Efforts to modernize Belize’s legislation continue

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Bills amending the Libel and Libel Act and the Married Persons Protection Act have been introduced in the Senate and have received broad support from its members.

by Khaila Gentle

BELMOPAN, Mon July 18, 2022
During today’s Senate session, efforts to modernize the country’s legislation continued with the introduction of two bills introduced by the House of Representatives: the Libel Bill of 2022 and the Protection of Married Persons Act 2022.

The Libel Bill 2022 seeks to repeal the current Libel and Defamation Act to make way for new provisions relating to defamation cases. According to the Leader of Government Affairs, Hon. Eamon Courtenay, the goal is to ensure the country has a modern defamation law.

Not only does it abolish the distinction between libel and slander, said Hon. Courtenay, but it also removes the requirement for people to prove special damages to sue for defamation. Most importantly, the bill will give the media some protection when broadcasting information.

“Part 3 of the bill provides a comprehensive code for a person accused of making a defamatory or libelous statement to have the opportunity to resolve that claim or dispute outside of court in an attempt to make amends by offering an apology and, where appropriate, damages,” explained Senator Courtenay.

Part of this comprehensive code is improving the scope of the defenses in the bill, including the fair comment defense and the innocent broadcasting defense, both of which are important to the media.

“With the law as it currently stands, if The New York Times defamed Senator Willoughby and The Belize Times reported and repeated that here, it could sue both The Belize Times and The New York Times. So even if the newspaper will say ‘I’m just repeating what was said’, the newspaper at home would still be responsible,” said Hon. Courtenay.

With the introduction of the innocent broadcast defence, however, local media houses would be protected to some degree in such a situation.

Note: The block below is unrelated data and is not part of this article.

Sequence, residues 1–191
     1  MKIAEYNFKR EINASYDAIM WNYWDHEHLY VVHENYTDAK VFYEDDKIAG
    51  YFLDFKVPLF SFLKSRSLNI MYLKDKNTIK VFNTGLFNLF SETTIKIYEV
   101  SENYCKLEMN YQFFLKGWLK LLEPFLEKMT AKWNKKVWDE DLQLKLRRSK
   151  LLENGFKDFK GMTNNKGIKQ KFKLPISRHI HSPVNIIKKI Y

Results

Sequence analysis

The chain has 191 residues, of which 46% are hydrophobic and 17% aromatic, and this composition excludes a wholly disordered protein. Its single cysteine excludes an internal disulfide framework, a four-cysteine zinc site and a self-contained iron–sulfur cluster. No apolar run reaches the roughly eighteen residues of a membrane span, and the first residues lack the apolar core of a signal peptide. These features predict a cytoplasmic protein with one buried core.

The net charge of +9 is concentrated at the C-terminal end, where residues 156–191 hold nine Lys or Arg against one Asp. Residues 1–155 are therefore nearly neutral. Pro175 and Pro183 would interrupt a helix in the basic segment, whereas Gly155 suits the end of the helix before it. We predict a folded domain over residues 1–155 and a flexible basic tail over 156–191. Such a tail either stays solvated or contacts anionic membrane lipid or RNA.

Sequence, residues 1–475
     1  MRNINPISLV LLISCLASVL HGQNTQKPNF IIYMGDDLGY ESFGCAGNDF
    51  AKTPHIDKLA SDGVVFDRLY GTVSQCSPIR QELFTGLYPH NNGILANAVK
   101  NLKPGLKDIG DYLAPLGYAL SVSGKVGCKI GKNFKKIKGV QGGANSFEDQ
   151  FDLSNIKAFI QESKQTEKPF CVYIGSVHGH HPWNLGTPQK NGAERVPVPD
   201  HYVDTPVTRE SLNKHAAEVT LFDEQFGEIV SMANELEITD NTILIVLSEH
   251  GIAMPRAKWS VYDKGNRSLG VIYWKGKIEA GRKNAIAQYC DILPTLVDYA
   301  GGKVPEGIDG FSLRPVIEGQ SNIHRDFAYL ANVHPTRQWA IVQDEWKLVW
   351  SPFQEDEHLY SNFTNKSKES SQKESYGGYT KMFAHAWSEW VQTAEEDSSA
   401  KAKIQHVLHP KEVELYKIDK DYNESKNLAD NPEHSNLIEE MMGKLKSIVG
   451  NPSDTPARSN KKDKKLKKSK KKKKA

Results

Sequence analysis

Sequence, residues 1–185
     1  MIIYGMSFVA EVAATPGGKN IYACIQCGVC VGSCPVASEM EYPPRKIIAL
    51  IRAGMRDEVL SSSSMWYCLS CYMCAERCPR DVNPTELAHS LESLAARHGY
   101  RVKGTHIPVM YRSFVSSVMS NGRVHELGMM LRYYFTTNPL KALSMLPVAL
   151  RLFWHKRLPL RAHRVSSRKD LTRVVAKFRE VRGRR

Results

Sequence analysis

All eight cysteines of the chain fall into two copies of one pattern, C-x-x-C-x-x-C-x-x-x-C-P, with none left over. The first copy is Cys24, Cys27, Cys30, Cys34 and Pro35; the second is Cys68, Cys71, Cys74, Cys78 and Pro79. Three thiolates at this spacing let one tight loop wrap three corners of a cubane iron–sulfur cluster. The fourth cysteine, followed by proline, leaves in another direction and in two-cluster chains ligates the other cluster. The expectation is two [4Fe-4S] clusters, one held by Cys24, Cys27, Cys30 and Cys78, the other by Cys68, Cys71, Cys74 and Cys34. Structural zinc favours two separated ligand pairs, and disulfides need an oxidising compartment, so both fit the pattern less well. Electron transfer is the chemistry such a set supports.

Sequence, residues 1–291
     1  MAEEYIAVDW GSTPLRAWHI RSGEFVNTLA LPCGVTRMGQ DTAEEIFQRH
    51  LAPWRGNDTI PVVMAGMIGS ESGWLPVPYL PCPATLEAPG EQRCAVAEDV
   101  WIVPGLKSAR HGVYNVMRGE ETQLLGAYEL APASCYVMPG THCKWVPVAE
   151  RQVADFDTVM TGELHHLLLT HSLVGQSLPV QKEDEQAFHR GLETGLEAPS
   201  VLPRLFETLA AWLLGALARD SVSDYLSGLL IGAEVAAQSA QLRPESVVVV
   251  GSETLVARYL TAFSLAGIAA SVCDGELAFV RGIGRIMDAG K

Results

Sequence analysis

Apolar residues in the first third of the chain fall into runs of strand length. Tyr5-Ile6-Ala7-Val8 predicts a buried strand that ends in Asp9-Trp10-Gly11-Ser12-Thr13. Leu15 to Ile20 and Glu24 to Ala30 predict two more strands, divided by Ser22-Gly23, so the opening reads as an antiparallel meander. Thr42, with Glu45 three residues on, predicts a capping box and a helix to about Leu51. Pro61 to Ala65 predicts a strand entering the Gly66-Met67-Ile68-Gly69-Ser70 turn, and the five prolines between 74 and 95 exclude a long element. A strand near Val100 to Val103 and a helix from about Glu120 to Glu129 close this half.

“So it’s an improvement to help the media repeat what is being said in other publications,” the senator added.
According to the Hon. Courtenay, extensive consultations were undertaken in the development of the bill.

“The House committee met and a significant number of amendments were proposed. Almost all of them have been taken into account and incorporated into the bill. So what is before you is a bill that is the product of substantial consultation and input from the media and others,” he said.
Senator Janelle Chanona rose to stress the importance of reviewing defamation law in the future if necessary, especially as technology and information are changing rapidly.

The Married Persons Protection Amendment Bill 2022 has also been introduced in the Senate, which seeks to remove the fault grounds on which a person can seek legal separation and replaces those grounds with incompatibility as the primary ground. of seperation.

When first introduced in the House of Representatives, Minister of Education, Culture, Science and Technology, Hon. Francis Fonseca explained that the bill is introduced to update the country’s laws regarding judicial separation “to meet the needs of an ever-changing society” and to remove all provisions that discriminate against women who are currently present in the law.

“It removes archaic and offensive language to modernize the law,” the minister said.
As with the Libel Bill, the Married Persons Amendment Bill met with no objection in the Senate.

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